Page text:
Java Code Examples for java.text.Format

Following code examples demonstrate how to use java.text.Formatfrom android. These examples are extracted from various highly rated open source projects. You can directly use these code snippets or view their entire linked source code. These snippets are extracted to provide contextual information about how to use this class in the real world. These samples also let you understand some good practices on how to use java.text.Formatand various code implementation of this class.

    public void test_clone() {
        try {
            Format fm = new MockFormat();
            Format fmc = (Format) fm.clone();
            assertEquals(fm.getClass(), fmc.getClass());
        } catch (Exception e) {
            fail("Unexpected exception " + e.toString());

    private class MockFormat extends Format {

        public StringBuffer format(Object obj, StringBuffer toAppendTo,
                FieldPosition pos) {
            if (obj == null)
                throw new NullPointerException("obj is null");
            return new StringBuffer("");

        public Object parseObject(String source, ParsePosition pos) {
            return null;

    public default void verifyGenericType()
    throws Exception {
        final Class<SUT> sut = createNewSUT();
        assertTrue("This j8unit test interface is used with a generic type that is illegaly not assignable to Format.class!",

Format is an abstract base class for formatting locale-sensitive information such as dates, messages

, and numbers.

Format defines the programming interface for formatting locale-sensitive objects into Strings (the format method) and for parsing Strings back into objects (the parseObject method).

Generally, a format's parseObject method must be able to parse any string formatted by its format method. However, there may be exceptional cases where this is not possible. For example, a format method might create two adjacent integer numbers with no separator in between, and in this case the parseObject could not tell which digits belong to which number. Subclassing

The Java Platform provides three specialized subclasses of Format-- DateFormat, MessageFormat, and NumberFormat--for formatting dates, messages, and numbers, respectively.

Concrete subclasses must implement three methods: format(Object obj, StringBuffer toAppendTo, FieldPosition pos) formatToCharacterIterator(Object obj) parseObject(String source, ParsePosition pos) These general methods allow polymorphic parsing and formatting of objects and are used, for example, by MessageFormat. Subclasses often also provide additional format methods for specific input types as well as parse methods for specific result types. Any parse method that does not take a ParsePosition argument should throw ParseException when no text in the required format is at the beginning of the input text.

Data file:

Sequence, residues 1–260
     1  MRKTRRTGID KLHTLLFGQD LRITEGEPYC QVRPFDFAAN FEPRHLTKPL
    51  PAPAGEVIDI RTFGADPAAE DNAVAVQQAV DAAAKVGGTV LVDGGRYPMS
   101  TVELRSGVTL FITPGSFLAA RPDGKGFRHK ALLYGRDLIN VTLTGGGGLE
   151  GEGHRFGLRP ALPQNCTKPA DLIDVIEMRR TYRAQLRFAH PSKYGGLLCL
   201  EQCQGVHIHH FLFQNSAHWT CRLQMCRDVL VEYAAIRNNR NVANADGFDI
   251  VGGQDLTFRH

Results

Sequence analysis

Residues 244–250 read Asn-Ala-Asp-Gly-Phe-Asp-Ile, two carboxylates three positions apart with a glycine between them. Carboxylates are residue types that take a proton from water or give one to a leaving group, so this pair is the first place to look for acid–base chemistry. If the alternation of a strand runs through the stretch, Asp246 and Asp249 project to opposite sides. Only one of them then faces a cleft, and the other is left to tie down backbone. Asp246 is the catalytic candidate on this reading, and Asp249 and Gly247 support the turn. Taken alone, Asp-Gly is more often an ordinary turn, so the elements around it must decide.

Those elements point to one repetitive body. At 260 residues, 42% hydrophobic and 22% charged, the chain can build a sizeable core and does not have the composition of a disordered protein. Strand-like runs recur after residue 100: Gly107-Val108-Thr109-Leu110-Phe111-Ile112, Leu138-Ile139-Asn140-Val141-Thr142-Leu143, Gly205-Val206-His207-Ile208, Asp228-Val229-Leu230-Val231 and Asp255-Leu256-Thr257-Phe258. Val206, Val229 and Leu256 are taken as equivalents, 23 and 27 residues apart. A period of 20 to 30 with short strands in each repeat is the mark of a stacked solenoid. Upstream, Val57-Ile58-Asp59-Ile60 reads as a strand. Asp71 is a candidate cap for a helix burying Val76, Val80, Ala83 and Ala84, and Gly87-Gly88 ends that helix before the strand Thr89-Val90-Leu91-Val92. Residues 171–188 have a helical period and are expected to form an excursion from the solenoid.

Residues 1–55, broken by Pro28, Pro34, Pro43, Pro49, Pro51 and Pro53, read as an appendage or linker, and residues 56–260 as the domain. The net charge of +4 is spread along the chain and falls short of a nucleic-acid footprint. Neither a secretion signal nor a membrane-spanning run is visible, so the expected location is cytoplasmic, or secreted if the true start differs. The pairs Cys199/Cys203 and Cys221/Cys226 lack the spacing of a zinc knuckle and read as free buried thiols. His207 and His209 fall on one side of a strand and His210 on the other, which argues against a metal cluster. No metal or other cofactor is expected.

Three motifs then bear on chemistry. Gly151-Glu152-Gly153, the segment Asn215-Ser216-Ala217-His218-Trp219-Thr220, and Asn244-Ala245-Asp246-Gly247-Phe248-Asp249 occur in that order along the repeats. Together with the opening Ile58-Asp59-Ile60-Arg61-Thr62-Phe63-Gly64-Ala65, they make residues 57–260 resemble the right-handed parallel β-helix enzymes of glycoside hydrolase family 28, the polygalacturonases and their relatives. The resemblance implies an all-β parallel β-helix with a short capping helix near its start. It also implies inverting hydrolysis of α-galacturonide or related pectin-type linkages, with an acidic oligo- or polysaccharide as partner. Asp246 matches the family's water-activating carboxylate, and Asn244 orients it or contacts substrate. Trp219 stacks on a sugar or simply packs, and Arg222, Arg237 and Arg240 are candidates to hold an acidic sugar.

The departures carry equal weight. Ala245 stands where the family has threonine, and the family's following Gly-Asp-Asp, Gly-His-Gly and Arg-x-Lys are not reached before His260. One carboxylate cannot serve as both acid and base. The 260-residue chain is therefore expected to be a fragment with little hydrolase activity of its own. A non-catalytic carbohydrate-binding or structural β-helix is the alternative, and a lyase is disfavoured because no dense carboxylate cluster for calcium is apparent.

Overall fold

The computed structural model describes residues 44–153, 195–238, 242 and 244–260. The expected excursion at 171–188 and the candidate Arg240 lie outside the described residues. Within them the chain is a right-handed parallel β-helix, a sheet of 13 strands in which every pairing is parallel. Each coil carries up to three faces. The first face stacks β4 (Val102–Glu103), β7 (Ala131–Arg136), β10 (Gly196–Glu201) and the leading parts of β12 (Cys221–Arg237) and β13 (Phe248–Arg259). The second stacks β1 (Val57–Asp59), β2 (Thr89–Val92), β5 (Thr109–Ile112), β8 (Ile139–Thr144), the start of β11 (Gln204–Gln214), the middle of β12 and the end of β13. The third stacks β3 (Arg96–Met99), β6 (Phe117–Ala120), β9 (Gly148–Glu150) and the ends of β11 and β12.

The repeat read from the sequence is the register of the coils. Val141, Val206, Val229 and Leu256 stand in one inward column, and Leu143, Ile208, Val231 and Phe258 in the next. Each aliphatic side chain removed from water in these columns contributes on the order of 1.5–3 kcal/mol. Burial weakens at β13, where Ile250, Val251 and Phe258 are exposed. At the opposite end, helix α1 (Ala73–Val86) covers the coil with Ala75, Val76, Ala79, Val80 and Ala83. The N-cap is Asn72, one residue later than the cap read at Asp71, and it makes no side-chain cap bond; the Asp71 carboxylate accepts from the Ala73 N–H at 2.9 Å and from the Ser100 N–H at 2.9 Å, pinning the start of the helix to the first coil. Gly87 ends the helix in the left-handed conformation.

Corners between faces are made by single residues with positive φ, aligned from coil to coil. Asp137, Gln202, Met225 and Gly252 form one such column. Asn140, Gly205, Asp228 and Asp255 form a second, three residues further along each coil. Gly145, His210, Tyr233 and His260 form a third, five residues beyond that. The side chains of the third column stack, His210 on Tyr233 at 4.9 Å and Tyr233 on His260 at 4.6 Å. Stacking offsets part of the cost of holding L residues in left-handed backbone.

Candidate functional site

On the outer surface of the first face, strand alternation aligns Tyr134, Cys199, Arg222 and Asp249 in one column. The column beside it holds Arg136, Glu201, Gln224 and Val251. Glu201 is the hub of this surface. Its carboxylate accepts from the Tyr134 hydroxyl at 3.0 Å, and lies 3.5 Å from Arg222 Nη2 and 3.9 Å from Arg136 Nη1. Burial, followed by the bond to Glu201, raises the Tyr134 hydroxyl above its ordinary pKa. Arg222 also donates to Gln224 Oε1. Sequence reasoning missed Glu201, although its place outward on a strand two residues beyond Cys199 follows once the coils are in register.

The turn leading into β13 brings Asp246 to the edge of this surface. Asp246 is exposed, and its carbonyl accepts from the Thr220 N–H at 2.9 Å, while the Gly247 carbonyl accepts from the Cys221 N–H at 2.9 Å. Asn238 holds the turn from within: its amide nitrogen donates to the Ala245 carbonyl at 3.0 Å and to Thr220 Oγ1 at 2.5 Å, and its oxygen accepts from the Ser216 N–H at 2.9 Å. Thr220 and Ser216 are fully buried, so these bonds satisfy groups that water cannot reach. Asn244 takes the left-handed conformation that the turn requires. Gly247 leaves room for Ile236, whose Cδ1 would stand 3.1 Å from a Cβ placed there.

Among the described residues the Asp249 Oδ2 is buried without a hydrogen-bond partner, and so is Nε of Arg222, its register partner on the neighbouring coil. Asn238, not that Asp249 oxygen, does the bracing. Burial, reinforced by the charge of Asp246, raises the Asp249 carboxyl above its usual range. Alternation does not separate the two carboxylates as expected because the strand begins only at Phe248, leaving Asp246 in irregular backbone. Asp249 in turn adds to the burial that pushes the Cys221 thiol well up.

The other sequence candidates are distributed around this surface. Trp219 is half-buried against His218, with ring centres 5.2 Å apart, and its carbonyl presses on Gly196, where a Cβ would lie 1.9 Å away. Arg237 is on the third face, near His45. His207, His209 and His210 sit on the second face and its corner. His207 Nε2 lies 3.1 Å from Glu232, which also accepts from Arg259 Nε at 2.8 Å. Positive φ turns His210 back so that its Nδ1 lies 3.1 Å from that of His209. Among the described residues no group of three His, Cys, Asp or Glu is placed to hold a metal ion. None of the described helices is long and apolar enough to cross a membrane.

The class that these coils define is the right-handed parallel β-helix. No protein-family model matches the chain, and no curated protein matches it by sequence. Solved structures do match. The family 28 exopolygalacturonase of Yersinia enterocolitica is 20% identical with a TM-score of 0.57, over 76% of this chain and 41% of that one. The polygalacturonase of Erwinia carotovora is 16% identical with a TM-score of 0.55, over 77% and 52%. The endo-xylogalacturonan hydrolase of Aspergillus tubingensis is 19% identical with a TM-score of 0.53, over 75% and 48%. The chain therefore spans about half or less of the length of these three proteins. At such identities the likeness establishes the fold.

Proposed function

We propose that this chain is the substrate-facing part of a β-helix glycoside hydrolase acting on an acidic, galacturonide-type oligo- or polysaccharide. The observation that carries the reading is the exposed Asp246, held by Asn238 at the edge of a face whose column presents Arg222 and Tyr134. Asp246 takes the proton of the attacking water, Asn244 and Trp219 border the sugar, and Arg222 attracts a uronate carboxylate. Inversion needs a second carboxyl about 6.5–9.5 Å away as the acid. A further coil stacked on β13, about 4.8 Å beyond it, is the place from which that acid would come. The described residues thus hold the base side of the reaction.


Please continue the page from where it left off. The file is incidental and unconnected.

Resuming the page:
Most subclasses will also implement the following factory methods: getInstance for getting a useful format object appropriate for the current locale getInstance(Locale) for getting a useful format object appropriate for the specified locale In addition, some subclasses may also implement other getXxxxInstance methods for more specialized control. For example, the NumberFormat class provides getPercentInstance and getCurrencyInstance methods for getting specialized number formatters.

Subclasses of Format that allow programmers to create objects for locales (with getInstance(Locale) for example) must also implement the following class method: public static Locale[] getAvailableLocales()

And finally subclasses may define a set of constants to identify the various fields in the formatted output. These constants are used to create a FieldPosition object which identifies what information is contained in the field and its position in the formatted result. These constants should be named item_FIELD where item identifies the field. For examples of these constants, see ERA_FIELD and its friends in DateFormat. Synchronization

Formats are generally not synchronized. It is recommended to create separate format instances for each thread. If multiple threads access a format concurrently, it must be synchronized externally. @see java.text.ParsePosition @see java.text.FieldPosition @see java.text.NumberFormat @see java.text.DateFormat @see java.text.MessageFormat @author Mark Davis

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